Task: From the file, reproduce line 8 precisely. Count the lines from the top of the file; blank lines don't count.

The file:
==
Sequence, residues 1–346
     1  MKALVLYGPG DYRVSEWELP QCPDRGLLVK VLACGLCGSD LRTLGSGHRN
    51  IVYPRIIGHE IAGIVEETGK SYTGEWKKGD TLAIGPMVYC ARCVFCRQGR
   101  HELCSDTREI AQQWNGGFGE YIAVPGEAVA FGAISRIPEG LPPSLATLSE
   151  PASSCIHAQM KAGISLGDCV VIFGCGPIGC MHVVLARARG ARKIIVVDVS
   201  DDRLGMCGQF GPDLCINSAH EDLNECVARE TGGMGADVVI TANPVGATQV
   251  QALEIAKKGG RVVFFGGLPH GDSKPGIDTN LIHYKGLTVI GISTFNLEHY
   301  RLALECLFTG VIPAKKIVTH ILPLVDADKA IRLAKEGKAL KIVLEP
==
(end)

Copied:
   301  RLALECLFTG VIPAKKIVTH ILPLVDADKA IRLAKEGKAL KIVLEP